Kostas Vlachos, COO, Latsco Marine Management, said that decarbonising shipping is “a very big challenge”, when currently only a tiny number of ships have dual fuel engines.


Latsco Marine Management operates 29 vessels - 18 product tankers and 11 gas carriers.


“The expectations are that only 20-40 per cent of the world shipping will be fitted with a dual fuel engine by 2050.”


With the switch from diesel to LNG power meaning a 20 per cent drop in CO2 emissions, this would mean a 4 to 8 per cent reduction, not a 50 per cent reduction.


“This, along with all the other measures that already have to be taken - operation and technological measures - make me not to be optimistic that by 2050 the aspirations of IMO will be fulfilled,” he said.


“The owners need to invest and therefore they are looking to the customers (charterers), the regulators, the financial people, to see if they will support this common action,” he said. “Otherwise these aspirations will not be fulfilled.”


In conclusion, what is needed, other than regulations, is “financiers to get the risk appetite to fund, we need clarity on which fuels will be used in future, we need regulations on targets and a timeline as soon as possible.”



“For all our new buildings built after 2012, we have applied all the technological improvements that exist in the market. Main engine improvements, auxiliary system improvements, waste heat recovery, air lubrication [of hulls], hull coating, shaft generators. With all of them we have succeeded to reduce 18-20 per cent CO2.”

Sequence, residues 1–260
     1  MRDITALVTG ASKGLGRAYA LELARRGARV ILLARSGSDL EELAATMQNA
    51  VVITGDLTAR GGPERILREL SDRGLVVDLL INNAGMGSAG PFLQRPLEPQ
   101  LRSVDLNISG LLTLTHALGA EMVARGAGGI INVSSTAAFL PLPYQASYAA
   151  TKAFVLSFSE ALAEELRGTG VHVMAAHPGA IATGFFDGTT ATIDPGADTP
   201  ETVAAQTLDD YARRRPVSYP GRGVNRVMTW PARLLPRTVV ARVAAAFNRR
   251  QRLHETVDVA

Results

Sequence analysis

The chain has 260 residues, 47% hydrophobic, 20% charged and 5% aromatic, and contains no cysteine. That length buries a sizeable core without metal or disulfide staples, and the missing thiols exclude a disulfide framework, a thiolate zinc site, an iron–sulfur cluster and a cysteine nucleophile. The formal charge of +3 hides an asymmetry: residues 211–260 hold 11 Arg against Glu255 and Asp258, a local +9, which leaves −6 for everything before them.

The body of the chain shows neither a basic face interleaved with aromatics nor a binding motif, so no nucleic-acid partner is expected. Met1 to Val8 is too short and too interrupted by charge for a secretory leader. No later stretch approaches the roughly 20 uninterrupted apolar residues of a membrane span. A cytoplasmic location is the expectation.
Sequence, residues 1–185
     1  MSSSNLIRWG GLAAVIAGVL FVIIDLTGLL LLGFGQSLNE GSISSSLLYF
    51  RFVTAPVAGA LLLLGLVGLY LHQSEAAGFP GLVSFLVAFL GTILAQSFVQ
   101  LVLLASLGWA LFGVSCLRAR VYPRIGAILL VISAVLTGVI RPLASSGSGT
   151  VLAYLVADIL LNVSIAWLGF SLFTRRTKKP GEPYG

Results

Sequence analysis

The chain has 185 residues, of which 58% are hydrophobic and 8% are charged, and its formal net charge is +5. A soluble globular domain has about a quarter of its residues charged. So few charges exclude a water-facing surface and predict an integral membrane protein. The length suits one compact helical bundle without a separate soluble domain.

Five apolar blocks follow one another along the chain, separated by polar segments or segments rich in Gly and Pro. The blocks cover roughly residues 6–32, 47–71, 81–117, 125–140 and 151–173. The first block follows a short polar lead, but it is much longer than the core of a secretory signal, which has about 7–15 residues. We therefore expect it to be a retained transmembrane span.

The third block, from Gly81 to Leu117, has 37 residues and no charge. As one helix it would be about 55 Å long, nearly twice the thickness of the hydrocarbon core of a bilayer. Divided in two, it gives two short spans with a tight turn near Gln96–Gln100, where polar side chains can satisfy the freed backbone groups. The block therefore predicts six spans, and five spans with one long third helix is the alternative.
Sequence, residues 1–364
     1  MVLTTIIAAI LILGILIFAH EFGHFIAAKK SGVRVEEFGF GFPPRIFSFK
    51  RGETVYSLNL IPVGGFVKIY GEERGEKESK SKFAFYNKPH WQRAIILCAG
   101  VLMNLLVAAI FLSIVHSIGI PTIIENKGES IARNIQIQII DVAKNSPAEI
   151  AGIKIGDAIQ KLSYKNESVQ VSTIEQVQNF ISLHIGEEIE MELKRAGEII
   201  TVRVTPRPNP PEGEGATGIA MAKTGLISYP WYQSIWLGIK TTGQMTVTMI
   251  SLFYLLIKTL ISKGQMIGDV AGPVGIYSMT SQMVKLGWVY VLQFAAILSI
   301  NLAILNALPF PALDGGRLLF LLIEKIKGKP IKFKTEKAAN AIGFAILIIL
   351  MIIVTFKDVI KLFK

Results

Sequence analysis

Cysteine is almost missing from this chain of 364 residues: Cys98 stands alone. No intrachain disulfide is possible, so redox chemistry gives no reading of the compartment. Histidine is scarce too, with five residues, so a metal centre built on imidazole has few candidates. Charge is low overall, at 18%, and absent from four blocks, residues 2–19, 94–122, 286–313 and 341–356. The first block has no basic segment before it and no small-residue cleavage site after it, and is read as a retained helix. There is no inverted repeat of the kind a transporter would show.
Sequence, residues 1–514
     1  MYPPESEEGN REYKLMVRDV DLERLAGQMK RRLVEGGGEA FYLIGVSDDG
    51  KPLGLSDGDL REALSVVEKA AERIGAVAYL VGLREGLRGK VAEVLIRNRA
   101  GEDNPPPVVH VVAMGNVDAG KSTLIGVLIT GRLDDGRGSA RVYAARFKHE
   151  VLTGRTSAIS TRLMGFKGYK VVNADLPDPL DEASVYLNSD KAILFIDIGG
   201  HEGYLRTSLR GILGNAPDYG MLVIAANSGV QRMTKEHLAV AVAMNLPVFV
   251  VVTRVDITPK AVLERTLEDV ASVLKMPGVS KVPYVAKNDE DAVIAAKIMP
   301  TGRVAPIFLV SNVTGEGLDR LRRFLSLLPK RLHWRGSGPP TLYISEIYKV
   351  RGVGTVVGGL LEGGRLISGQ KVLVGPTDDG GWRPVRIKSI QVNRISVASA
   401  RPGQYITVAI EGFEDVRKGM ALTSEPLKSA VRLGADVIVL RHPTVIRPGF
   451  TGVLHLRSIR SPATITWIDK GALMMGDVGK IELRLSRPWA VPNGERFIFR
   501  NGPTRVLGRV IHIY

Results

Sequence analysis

The company’s project to use air lubrication under the hulls is working together with a shipyard, class society and oil major.


“We are in the process and really we have made good progress to reduce the capital cost,” he said.  “The cost is $12m more than a conventional vessel. We are trying to reduce this barrier.”


The company has a project to explore the use of LPG as fuel, for the LPG vessels.


“We have found a lot of obstacles in that decision,” he said. “Classification societies are not ready [with a rules system for LPG fuel].”